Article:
WASHINGTON — A task force with the Pentagon’s elite Cyber National Mission Force focuses on defending critical military infrastructure.

U.S. Cyber Command established the Emerging Threats Task Force in a 2018 reorganization of the CNMF, and a spokesperson recently shared information about the task force’s focus in response to a C4ISRNET inquiry.

The CNMF is responsible for tracking and disrupting specific nation-state actors in foreign cyberspace in defense of the nation. These teams are separate from those that support specific combatant commands. It is the only cyber force within Cyber Command that essentially conducts offensive and defensive operations, though Cyber Command describes both as defensive operations — one focused on internal networks and the other on preemptive activity in foreign cyberspace against a potential threat. This allows the teams to pivot faster when a threat or vulnerability is discovered, officials have said.

“The proactive posture of U.S. Cyber Command means we focus on foreign malicious activity, even prior to attribution of malicious cyber activity to a nation-state or region,” a Cyber Command spokesperson said.

Officials noted that when the Cyber National Mission Force was first created with four regionally aligned task forces, that delayed allocating missions until activities could be attributed to nation-states.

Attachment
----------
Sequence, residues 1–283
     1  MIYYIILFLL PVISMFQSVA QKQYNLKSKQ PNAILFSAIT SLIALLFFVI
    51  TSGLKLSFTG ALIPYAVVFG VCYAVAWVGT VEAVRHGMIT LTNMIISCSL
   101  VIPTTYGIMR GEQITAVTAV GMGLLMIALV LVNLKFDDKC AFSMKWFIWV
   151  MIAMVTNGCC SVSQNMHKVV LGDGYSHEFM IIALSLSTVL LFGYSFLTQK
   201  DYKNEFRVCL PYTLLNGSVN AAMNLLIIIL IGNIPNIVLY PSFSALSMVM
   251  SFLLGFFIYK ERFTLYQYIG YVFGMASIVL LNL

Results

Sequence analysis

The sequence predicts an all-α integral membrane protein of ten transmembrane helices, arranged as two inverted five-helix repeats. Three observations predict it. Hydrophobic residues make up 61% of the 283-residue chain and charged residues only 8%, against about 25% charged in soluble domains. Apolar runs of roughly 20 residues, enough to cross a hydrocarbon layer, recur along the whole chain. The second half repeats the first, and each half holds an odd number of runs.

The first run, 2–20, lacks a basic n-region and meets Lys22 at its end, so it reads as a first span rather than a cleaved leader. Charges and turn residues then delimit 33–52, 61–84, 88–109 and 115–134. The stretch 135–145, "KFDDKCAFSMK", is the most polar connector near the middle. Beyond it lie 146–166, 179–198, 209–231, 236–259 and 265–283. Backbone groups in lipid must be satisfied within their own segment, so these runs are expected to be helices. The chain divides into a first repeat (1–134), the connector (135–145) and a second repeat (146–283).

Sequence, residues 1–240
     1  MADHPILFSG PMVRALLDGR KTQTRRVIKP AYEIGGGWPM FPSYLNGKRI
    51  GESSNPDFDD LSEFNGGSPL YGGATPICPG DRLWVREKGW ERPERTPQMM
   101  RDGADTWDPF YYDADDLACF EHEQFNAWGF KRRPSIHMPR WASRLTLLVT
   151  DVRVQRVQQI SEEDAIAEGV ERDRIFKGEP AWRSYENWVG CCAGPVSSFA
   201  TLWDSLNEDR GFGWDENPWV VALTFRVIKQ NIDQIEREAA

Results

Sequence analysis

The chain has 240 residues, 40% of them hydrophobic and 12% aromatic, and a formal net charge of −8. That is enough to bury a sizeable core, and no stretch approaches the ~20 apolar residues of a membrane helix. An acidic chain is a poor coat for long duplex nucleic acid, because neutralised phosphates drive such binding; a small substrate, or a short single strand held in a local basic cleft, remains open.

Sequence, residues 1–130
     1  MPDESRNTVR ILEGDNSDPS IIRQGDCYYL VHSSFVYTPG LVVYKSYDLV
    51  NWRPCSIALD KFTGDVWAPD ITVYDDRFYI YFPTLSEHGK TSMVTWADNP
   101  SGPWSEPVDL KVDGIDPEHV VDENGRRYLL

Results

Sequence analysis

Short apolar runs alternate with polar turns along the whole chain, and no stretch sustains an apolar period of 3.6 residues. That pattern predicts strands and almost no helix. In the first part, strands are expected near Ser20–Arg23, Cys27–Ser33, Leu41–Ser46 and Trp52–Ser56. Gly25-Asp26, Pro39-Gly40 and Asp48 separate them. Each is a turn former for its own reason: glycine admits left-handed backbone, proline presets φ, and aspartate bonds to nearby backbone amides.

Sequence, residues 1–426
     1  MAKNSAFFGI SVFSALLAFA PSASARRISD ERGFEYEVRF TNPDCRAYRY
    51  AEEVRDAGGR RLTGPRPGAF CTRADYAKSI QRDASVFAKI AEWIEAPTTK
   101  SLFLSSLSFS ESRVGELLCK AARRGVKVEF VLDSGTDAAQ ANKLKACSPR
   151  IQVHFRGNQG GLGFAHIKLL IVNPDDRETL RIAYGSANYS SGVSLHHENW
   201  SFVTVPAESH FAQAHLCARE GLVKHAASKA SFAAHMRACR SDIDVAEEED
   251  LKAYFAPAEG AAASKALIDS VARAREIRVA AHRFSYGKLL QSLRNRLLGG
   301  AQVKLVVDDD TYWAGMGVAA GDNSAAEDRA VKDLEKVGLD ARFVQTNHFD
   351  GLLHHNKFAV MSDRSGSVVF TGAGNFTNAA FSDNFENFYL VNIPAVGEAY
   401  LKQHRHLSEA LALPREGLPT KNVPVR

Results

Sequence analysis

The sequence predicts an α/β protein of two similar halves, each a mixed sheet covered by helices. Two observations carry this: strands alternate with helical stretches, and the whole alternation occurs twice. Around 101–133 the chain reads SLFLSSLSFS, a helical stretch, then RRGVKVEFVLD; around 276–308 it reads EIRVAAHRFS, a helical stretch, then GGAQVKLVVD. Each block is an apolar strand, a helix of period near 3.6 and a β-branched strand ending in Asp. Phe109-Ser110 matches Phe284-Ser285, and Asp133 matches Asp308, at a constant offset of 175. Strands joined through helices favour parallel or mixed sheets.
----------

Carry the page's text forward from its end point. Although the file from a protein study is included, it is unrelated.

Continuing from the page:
“[T]he ‘Emerging Threats’ task force, is adversary-agnostic and staffed with experts in infrastructure vulnerabilities and threats. Attribution of malicious cyber activity is often difficult and having a force that addresses emerging threats in an adversary-agnostic manner allows the CNMF to pivot quickly to threats as they occur,” Lt. Gen. Timothy Haugh, commander of 16th Air Force and former commander of the Cyber National Mission Force, wrote in essay published by the Navy War College in late 2020. The article, with coauthors who also served on the CNMF, focused on Cyber Command’s 10-year anniversary.

“Emerging Threats leads the CNMF’s response to malicious activity until task force analysts (working closely with partner organizations) attribute the activity to a threat actor and hand off responsibility to the appropriate regionally focused task force,” Haugh and his co-authors wrote.

The task force also serves as the “focal point” for interagency partnership and collaboration with the private sector, the article said, noting that the team’s worldwide scope makes it an agile organization suited to face emerging threats.

It was created by reallocating teams within the CNMF, the spokesperson said, and was a moderate change for the CNMF teams to support a non-regionally aligned mission. The task force brings in groups of experts to address foreign emerging threats and can also contribute to a larger community if needed.

Mark Pomerleau is a reporter for C4ISRNET, covering information warfare and cyberspace.

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